Having noted quite how similar the RHA SA-850 are to the SA-500 in design, it’s no surprise that they offer a comparable sound signature. The high point is the low-end.

The SA-850 produce powerful, deep and satisfying bass. And unlike many headphones with a low-end focus, it doesn’t result in an entirely confused sound. It’s sophisticated enough to catch you out in those moments where a track smacks you ’round the head with a real low-end thwack.

They are, predictably, not immune to boominess, however, and they benefit from a taming through equalisation – which most portable audio players are capable of. Taking a few decibels off the bottom rung of an EQ is beneficial. This also helps to bring the SA-850 back into balance, because treble is left bubbling away on the backburner here. It doesn’t have enough presence, and results in a lack of clarity in
vocals and higher-register instruments. The bass is well-defined, the
treble not quite so much.

RHA SA-850 2

The result isn’t a sound that’s completely muddy, but it does lack the spark and zap that brings music to life. Instead, it’s dark-sounding and closed-in.

RHA SA-850

If a bass-tastic headphone is what you’re after, though, the RHA SA-850 are a lot cheaper than most of the “trendy” on-ear sets that litter the high street. Less than half the price of the Beats Solo HD while offering punchier bass, we can see what the RHA SA-850 are aiming for.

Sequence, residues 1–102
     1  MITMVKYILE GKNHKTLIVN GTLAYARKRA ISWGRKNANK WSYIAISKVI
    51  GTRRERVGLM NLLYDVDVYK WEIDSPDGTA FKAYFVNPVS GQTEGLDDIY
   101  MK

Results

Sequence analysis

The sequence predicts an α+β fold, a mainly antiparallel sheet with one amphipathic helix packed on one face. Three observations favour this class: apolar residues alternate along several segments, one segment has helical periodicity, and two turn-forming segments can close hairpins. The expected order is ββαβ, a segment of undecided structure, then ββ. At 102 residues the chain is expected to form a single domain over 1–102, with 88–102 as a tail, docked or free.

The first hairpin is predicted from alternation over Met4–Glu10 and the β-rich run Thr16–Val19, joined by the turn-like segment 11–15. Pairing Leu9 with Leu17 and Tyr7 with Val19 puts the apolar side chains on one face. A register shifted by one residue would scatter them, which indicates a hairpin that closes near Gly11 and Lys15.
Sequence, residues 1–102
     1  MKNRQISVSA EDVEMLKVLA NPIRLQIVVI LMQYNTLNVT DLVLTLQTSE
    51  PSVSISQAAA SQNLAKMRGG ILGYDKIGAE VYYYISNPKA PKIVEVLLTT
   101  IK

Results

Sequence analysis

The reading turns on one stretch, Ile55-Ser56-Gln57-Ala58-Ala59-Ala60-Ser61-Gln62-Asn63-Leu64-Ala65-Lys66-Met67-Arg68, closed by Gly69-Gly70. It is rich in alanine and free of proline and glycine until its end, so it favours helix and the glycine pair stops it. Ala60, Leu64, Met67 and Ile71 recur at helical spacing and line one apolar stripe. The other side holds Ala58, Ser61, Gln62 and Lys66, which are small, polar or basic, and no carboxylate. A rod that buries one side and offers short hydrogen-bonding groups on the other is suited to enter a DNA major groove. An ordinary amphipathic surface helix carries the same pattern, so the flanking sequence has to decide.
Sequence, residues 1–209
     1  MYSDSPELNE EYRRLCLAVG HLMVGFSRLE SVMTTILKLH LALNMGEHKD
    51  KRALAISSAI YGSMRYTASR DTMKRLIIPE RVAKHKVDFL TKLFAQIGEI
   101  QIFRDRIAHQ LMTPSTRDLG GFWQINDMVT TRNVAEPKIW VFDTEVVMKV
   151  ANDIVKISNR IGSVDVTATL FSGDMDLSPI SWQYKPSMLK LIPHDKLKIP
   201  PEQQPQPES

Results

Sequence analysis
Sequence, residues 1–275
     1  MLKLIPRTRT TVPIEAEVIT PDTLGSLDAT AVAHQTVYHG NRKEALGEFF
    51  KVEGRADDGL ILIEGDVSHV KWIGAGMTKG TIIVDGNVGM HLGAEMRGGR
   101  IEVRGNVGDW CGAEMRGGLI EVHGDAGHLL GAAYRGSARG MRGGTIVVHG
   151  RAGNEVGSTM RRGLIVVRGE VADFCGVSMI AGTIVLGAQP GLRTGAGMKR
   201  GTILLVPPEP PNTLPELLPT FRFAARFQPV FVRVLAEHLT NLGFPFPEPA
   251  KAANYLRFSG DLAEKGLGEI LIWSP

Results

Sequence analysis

The comfort issue is hard to forget, though, especially when similarly-priced on-ear pairs like the Sennheiser HD 228 don’t suffer from the same problems. It’s enough to ensure the RHA SA-850 miss out on our recommended stamp, but if you have less sensitive ears and are out for powerful bass, they’re worth seeking out for an audition.

Verdict
The top-end RHA SA-850 on-ear headphones offer much the same benefits and problems as the mid-range SA-500. Bass is powerful, providing the thump the Beats range claims to provide without the outlay. However, treble definition is not great, they’re awkward to fit and the pads aren’t the most comfortable around.

Trusted Score

rating-star rating-star rating-star rating-star rating-star

Score in detail

  • Value 7
  • Design & Features 6
  • Sound Quality 7

Why trust our journalism?

Founded in 2004, Trusted Reviews exists to give our readers thorough, unbiased and independent advice on what to buy.

Today, we have 9 million users a month around the world, and assess more than 1,000 products a year.

author icon

Editorial independence

Editorial independence means being able to give an unbiased verdict about a product or company, with the avoidance of conflicts of interest. To ensure this is possible, every member of the editorial staff follows a clear code of conduct.

author icon

Professional conduct

We also expect our journalists to follow clear ethical standards in their work. Our staff members must strive for honesty and accuracy in everything they do. We follow the IPSO Editors’ code of practice to underpin these standards.